Archaeology is Telling Ghost Stories

Telling stories is ostensibly what archaeology is about.

When archaeologists tell a story, though, it’s a little different than average. Our stories are anchored to the past via evidence recovered by scientific excavation. From there, we try to deductively interpret what the evidence tells us about the past and past peoples.

But what about the ghosts?

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Since the late 90’s, there’s been a call in academic archaeology to revitalize the way we talk to the public about what we do and what we find. A call to action to make archaeology less inaccessible and more entraining to the public.

In the same time span we’ve seen the rise in popularity of TV shows like Ghost Hunters and Ghost Adventures and online, with the rise in publicly made videos and social media about investigating haunted locations.

April Beisaw (2016) and Michelle Hanks (2015) suggest that ghost hunting and its overall rise in popularity is a way for the “nonelite” public to become “Knowledge Producers” of the past. By interacting with the past in a way that others have argued is a pantomime of science (ie, using ‘equipment’ doing ‘research’ and ‘investigating’ locations), Ghost hunters create a version of the past that they can interact with, and more importantly, share with others. Even if it does take the form of breathless reveals of blurry images and garbled audio, it creates a story, and it’s a hell of a lot more entertaining than the last four archaeology reports I read.

That said, does archaeology need to become this same sensationalized storytelling machine?

No, and Yes.

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Beisaw mentions archaeology as ghost hunting in her 2016 article and highlights the storytelling aspect of it. She pulls on Michael Bell’s (1997) idea of the ‘Ghosts of Place’ and says that a compelling tale about the history of and what happed (the Ghost) at a given location (the Place) allows for better interaction and understanding with said location by the public.

We can tell history through story, and we can make that story even more real with the use of our archaeological evidence to create a bridge between the living and the dead.

In my humble opinion, this is what we should be doing anyway, and what we try to do when it comes to museums. Unfortunately, the usually sterile conditions of museums and the complete removal of context from artifacts in museums strips the humanity from objects in museums (and creates other supernatural issues with hauntings we’ll discuss later). House museums and Living Museums do a much better job of fostering that bridge between the past and the present, but they are often small museums with little-to-no funding or suffer the inclusion of fantasy elements (think Renfairs).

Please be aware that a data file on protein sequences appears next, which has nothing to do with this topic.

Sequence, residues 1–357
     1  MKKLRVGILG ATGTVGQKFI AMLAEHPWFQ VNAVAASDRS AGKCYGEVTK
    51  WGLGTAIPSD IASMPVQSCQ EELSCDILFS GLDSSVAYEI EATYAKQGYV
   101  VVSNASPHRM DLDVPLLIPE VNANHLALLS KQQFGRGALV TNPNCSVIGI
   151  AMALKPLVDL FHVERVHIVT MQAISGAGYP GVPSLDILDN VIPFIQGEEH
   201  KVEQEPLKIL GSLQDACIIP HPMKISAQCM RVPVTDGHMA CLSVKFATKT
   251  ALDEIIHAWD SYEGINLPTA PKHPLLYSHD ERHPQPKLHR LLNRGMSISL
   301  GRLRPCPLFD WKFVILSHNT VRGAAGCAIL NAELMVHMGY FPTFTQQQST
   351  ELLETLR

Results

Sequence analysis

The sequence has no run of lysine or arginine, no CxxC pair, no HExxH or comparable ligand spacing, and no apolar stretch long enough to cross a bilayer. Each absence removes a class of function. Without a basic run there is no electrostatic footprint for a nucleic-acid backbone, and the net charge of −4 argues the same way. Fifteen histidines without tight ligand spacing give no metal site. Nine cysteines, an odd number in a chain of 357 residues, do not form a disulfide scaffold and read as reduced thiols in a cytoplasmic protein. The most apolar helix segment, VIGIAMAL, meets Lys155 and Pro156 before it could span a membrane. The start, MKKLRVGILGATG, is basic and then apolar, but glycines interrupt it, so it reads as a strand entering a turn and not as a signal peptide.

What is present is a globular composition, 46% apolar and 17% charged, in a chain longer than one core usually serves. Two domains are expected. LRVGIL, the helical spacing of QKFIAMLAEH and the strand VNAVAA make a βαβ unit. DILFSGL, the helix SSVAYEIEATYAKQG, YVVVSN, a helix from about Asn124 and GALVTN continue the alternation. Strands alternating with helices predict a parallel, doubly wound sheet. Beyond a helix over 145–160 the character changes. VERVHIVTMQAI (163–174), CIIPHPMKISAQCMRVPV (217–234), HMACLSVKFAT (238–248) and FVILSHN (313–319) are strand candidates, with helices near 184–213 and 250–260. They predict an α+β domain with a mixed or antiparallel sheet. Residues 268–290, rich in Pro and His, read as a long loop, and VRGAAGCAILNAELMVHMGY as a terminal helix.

Ghost stories have the same issues of course, with the added benefit of the telephone-game-effect, where one person tells the story, and the next person changes it slightly, and so on down the line till details have changed, the story has become a new version of itself. This is the tradition of such stories, I think, and part of the fun of them. Ghost stories often have a moral to them or a lesson to be learned. “Don’t go to the old dark bridge at night,” or “Don’t anger strangers in the dark,” or some variation on those themes.
These stories-as-warnings can be traced back all through human history. Every culture has them, and every culture still uses them. We here in our vaulted modern world might call them superstitions, especially when we’re trying to seem superior to others, but every group has its folklore, even modern ones.

Archaeology can build on this and use the examples of these are a modern blueprint for better public outreach.

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Beisaw teaches classes on Ghost Hunting at her university. She uses the modern ghost hunters’ kit to create engagement between her students and the locations they study. But most importantly, she uses the story as a history to teach about the site.

“Ghost hunting always begins with a back-story (Beisaw 2016),”

The back-story is where archaeology can, and should, come in. Prime the pump if you will prepare the observer for what they are about to observe. People go ghost hunting to interact with the Ghosts of Place, the memories of a location. Archaeology is precisely the same. There’s no reason not to share.


Beisaw, April M.
2016 Historical Archaeology as Ghost Hunting. DRAFT Paper prepared for “Haunted Landscapes” session of SHA 2016. Organized by Julia A. King and Alena Pirok

Bell, Michael Mayerfeld
1997 The Ghosts of Place. Theory and Society 26(6):813-836.

Deetz, James
1998 Discussion: Archaeologists as Storytellers. Historical Archaeology 32(1):94-96.

Hanks, Michelle
2015 Haunted Heritage: The Cultural Politics of Ghost Tourism, Populism, and the Past. Left Coast Press.

Published by ArchyFantasies

An active Archaeologist myself, I've gotten a bit tired of the use of bad science and archaeology to defend and "prove" made up claims. In this vein my videos should help others who are are not familiar with how Archaeology actually works understand the truth and see through the misleading lies of others

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